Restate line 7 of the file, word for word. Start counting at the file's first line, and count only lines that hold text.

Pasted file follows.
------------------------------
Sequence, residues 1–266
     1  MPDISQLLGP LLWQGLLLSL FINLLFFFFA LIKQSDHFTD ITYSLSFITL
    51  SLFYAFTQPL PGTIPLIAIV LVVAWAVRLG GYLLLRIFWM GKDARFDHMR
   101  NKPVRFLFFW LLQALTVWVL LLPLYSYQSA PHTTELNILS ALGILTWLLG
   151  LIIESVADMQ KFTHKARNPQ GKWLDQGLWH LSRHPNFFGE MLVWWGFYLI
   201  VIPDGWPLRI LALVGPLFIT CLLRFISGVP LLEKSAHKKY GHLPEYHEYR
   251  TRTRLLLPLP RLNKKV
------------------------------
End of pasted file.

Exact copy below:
   251  TRTRLLLPLP RLNKKV